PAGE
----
The U.S. House and Senate return today after the August recess with no apparent consensus on FAA reauthorization and just 12 legislative working days left before the current FAA authorization is set to expire. House leaders had hoped to bring up the FAA reauthorization bill to a vote by late July, but controversy surrounding the independent air traffic control measure pushed a vote at least until this month.
Both sides of the ATC issue spent the August recess lobbying to cement support for their stances. The House Transportation and Infrastructure Committee now “fully expect[s]” to bring the bill to the floor next week, a spokesman said. This signals the possibility that proponents of ATC reform have been able to sway a number of votes in recent weeks. But even with a House vote, a chief proponent—House General Aviation Caucus co-chair Sam Graves (R-Missouri)—told Washington insider publication Politico that a short-term extension of the FAA’s authorization is almost a certainty.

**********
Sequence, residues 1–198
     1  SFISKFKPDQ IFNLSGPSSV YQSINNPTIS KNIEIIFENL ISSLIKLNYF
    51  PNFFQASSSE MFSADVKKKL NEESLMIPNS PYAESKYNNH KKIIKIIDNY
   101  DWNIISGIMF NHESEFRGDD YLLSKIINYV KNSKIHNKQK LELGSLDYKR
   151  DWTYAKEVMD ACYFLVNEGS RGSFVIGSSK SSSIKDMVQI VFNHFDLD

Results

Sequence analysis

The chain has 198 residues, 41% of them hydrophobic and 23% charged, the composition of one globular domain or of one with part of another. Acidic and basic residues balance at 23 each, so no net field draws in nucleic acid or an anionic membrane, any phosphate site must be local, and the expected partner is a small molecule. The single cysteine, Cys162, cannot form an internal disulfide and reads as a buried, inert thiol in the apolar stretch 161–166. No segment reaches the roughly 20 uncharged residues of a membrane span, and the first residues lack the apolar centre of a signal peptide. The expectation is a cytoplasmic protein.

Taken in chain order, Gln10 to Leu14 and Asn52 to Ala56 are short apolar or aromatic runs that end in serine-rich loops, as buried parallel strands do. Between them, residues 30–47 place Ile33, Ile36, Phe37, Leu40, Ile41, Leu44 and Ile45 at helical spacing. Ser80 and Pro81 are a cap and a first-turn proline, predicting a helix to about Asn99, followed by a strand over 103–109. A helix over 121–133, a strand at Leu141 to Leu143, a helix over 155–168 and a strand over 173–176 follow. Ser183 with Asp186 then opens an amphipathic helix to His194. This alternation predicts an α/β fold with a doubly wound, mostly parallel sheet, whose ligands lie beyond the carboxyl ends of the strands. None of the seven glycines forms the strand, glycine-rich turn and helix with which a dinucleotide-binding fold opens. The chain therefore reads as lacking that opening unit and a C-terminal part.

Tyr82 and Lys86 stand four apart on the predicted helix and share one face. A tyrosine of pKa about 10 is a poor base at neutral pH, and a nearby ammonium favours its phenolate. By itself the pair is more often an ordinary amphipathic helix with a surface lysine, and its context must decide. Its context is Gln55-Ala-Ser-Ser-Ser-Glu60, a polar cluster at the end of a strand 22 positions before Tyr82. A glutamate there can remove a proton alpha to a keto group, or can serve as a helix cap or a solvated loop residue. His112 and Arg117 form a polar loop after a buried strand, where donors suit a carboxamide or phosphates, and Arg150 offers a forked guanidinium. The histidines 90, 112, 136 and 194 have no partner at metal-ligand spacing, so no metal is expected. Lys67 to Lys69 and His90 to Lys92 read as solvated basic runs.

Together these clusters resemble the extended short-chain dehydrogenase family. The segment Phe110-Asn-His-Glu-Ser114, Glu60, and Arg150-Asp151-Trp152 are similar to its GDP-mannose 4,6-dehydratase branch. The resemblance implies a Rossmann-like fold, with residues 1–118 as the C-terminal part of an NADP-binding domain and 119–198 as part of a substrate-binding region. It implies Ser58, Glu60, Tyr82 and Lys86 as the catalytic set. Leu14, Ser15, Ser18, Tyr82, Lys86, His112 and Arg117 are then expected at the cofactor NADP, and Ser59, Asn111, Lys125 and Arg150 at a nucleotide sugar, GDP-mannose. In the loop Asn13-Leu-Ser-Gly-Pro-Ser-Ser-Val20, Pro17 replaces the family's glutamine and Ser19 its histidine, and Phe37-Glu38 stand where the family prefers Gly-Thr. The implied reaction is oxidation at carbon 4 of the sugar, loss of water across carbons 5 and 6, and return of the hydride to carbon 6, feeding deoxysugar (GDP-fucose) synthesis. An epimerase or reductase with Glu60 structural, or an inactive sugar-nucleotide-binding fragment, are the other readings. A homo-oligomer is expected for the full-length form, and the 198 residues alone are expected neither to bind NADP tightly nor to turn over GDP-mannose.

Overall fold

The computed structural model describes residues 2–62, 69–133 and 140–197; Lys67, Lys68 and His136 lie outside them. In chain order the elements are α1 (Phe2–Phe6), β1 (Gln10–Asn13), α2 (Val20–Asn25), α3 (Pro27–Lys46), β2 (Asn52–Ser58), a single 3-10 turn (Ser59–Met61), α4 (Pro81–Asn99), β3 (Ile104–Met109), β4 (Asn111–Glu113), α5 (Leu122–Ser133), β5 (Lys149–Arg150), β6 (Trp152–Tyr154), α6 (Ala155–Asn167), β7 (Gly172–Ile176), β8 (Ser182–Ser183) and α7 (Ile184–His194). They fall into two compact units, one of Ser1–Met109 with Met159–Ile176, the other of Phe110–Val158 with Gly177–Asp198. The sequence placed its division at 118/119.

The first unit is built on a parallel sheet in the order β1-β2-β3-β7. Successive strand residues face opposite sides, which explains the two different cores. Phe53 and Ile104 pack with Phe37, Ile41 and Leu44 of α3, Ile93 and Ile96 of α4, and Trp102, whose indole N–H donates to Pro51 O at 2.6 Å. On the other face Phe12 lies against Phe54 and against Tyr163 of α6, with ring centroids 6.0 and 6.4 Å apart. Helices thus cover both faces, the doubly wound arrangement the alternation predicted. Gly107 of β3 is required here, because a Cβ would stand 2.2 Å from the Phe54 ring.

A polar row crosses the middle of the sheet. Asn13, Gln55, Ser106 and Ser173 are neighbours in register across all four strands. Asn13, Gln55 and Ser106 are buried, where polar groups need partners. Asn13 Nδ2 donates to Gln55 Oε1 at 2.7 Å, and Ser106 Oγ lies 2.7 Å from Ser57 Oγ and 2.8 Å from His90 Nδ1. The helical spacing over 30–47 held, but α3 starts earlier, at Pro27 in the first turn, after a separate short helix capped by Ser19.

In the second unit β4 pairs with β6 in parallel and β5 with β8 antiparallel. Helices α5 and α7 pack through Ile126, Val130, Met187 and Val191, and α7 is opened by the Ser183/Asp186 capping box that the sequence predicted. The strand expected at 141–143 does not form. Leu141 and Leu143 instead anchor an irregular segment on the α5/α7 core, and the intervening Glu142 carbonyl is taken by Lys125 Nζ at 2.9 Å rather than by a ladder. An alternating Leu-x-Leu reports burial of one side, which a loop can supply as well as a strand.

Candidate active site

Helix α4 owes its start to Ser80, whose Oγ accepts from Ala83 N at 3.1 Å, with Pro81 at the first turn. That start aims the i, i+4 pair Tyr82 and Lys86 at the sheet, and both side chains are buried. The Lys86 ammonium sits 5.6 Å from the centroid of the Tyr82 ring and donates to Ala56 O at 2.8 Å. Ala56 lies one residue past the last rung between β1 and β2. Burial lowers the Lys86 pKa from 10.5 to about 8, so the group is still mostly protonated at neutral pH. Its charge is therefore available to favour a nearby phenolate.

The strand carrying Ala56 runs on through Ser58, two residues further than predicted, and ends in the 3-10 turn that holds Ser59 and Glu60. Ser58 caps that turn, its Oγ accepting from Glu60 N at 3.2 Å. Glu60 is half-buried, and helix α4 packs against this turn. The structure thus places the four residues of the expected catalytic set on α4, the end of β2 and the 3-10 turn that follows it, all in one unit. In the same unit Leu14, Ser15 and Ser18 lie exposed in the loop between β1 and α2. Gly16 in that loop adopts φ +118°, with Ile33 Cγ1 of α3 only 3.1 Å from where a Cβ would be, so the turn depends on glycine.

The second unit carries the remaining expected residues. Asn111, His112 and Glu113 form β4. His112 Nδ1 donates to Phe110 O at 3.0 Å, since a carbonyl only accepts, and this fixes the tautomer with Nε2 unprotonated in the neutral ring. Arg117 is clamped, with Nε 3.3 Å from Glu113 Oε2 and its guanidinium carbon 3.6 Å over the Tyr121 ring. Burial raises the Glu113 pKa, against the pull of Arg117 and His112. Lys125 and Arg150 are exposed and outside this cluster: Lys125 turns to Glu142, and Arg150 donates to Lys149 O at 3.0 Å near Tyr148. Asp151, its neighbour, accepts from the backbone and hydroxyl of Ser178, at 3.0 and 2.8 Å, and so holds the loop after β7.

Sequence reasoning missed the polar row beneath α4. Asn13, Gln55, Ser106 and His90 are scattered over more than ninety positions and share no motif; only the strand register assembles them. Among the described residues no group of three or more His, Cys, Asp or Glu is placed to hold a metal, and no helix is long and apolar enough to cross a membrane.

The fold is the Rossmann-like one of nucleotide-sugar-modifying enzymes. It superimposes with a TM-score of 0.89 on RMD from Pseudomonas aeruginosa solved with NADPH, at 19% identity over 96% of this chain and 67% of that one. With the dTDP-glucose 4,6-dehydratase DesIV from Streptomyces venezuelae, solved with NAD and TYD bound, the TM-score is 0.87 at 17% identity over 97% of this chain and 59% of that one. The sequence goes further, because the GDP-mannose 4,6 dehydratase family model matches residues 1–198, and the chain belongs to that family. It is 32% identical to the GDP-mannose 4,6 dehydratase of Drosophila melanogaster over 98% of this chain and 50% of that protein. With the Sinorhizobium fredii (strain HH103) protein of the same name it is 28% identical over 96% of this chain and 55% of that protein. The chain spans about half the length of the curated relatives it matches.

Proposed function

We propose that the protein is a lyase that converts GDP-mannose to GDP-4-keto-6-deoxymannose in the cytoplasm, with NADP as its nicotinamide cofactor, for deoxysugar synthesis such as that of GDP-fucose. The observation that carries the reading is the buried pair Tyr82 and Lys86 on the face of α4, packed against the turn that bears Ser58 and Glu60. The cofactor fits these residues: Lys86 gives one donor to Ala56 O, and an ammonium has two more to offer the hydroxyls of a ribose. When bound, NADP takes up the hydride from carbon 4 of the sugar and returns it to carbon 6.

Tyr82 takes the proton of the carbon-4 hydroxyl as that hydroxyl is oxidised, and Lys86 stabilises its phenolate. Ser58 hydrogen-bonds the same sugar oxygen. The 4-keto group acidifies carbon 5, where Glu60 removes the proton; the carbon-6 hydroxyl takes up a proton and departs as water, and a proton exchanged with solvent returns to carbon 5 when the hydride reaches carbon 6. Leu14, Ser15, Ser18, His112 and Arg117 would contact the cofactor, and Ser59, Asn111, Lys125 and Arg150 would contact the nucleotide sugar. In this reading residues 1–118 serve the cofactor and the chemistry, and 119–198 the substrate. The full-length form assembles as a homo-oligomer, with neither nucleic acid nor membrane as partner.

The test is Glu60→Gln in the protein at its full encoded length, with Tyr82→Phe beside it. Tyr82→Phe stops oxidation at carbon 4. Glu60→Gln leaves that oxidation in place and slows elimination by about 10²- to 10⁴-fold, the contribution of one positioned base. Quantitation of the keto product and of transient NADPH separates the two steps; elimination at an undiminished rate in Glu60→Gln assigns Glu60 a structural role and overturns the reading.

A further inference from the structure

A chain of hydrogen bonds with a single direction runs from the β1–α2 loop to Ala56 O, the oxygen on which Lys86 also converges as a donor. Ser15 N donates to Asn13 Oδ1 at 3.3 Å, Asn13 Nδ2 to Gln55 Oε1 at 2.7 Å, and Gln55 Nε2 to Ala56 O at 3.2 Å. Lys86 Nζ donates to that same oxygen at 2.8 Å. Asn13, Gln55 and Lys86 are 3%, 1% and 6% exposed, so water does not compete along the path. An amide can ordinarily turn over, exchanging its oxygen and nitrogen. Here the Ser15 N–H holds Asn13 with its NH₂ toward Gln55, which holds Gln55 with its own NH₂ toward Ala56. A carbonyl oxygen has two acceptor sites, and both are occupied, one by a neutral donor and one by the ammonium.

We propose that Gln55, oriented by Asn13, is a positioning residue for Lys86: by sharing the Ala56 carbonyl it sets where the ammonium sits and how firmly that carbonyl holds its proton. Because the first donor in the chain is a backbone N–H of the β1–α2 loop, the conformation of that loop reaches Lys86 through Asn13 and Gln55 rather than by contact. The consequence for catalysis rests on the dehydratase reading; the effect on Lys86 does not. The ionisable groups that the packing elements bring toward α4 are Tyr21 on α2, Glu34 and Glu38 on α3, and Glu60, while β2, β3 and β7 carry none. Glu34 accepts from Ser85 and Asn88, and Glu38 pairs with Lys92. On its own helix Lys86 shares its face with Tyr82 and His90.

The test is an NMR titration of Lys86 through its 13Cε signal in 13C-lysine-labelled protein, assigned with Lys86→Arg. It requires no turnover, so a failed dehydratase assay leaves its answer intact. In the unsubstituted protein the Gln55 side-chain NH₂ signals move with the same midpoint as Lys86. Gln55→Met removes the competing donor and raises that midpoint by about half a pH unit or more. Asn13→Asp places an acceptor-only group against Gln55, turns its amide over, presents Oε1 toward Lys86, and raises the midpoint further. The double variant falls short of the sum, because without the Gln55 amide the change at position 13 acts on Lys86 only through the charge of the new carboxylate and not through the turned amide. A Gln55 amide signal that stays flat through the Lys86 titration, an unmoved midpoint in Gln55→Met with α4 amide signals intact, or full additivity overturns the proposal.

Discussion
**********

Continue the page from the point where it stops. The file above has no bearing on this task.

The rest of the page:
The ATC measure must further win Senate support, which has been a more difficult prospect. The Senate bill does not include the controversial ATC measure, but the Senate version of FAA reauthorizaiton had also been hung up.
Both chambers also must address Fiscal Year 2018 government-wide funding, including for the Department of Transportation. The House Rules Committee has a scheduled hearing today to consider a partial or semi-omnibus bill that will pull together eight appropriations bills, including funding for DOT and the FAA. That measure could reach the House floor shortly.
The House and Senate bills both include increased funding for the FAA and a number of provisions of interest to the business and general aviation community. The Senate bill would outright ban the creation of an independent ATC organization.